Faith | Amy Leo


Mark 5:21-43

Today’s passage is part of a series of stories about miracles Jesus performed early in his ministry. Just before it, Jesus heals a demon-possessed man and calms a storm. Word is starting to get around that He can perform miracles, so people are beginning to seek him out.

Mark 5:21-43 is an account of Jesus healing a woman who has been bleeding for 12 years and raising a 12-year-old girl from the dead. The Bible says that the bleeding woman “has suffered a great deal under many doctors and had spent all she had, yet instead of getting better, she grew worse.” Because her bleeding made her ceremonially unclean, she has likely also been rejected by her community. But she approaches Jesus in a crowd, believing that if she is just able to touch his clothing, she will be healed. She does, and is. Jesus says to her “Daughter, your faith has healed you. Go in peace and be free from your suffering.”

Within this crowd of people, a synagogue ruler named Jairus is informed by friends that his daughter has just died. Overhearing this, Jesus tells Jairus “Don’t be afraid, just believe.” Jesus, with Peter, James, and John in tow, goes to Jairus’s house. He encounters a group of people mourning outside. He says “why all this commotion and wailing? The child is not dead but asleep.” The people laugh at him. But he goes to the child, takes her by the hand, and tells her to get up. She does, and everyone is astonished.

Since many of us have been Christians for a long time, it can be easy to read this passage and brush over the miraculousness of Jesus’s actions. Imagine how awe-inspiring it must have been to witness them. Twelve years of suffering ended in an instant! A child raised from the dead! At this point in his ministry, Jesus is beginning to reveal who He is. And through these two miracles, he demonstrates the depth and nature of His love. By healing an unclean woman, he demonstrates that the conventions of Jewish law are no obstacle to His love. And by raising a child from the dead, he shows his tenderness and care for all.

I like the idea of a compassionate God, but I struggle with the idea our faith plays a role in our healing. At the ripe age of thirty, I’ve lived enough life to know that sometimes, earnest faith and belief aren’t enough to turn desperate situations around. Sometimes the cancer doesn’t go away, the marriage can’t be restored, and we don’t get the job. But Jesus does say “your faith has healed you.” So while we know that the miracles are God’s work, our faith does matter.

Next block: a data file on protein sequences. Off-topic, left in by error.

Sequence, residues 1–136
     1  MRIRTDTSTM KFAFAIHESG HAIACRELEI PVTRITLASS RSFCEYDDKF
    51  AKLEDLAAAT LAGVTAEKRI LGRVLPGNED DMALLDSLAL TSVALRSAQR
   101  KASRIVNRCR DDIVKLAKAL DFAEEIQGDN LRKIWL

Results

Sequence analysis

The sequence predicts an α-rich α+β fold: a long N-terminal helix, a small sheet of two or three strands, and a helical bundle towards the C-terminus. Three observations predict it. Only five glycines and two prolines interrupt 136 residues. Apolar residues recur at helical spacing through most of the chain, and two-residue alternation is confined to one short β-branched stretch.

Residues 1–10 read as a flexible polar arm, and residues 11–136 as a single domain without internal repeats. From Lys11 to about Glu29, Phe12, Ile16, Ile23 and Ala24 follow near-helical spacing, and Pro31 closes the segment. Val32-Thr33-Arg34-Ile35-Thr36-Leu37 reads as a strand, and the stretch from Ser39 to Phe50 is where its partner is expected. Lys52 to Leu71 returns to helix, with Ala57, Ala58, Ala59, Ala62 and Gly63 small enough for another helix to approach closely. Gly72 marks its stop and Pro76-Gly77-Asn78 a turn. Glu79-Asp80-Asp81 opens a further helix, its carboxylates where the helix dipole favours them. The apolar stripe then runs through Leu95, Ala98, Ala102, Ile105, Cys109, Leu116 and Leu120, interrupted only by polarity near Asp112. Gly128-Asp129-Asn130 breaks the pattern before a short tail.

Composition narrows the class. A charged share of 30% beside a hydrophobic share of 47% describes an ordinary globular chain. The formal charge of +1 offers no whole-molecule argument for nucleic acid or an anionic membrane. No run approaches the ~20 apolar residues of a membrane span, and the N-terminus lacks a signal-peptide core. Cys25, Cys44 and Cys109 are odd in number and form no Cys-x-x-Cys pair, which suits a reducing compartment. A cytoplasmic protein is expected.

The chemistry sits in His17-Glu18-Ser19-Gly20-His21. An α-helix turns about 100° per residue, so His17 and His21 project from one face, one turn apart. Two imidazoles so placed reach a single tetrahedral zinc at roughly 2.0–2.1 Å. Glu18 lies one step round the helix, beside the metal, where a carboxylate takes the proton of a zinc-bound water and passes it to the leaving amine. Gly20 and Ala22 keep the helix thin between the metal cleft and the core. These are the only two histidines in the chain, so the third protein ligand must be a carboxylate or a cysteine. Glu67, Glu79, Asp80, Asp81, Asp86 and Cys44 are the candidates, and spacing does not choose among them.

Ultimately, the value of our faith does not come from us, but from the object of our faith. Our God is the kind of God who has compassion on his children, and He has power and dominion over the very laws of nature. Therefore, we ought to have faith in Him. Faith, by its very nature, points away from its subject and toward its object.

Given that Lent is an opportunity to assess the genuineness and sincerity of our discipleship, I invite you to reflect on these accounts of Jesus as Healer. Praise God for being a God who heals, and trust Him with the things that you perceive to be too broken to restore. Reflect on how God has healed and restored you and those around you, and pray for faith to believe that He is making all things new.

Amy Leo and her husband Alex live in Petworth. Outside of her job with USAID, she enjoys sewing, listening to podcasts, making Spotify playlists, baking bread, camping and hiking, practicing visual note taking, playing the violin, and is in a season of analyzing everything through the lens of the Enneagram.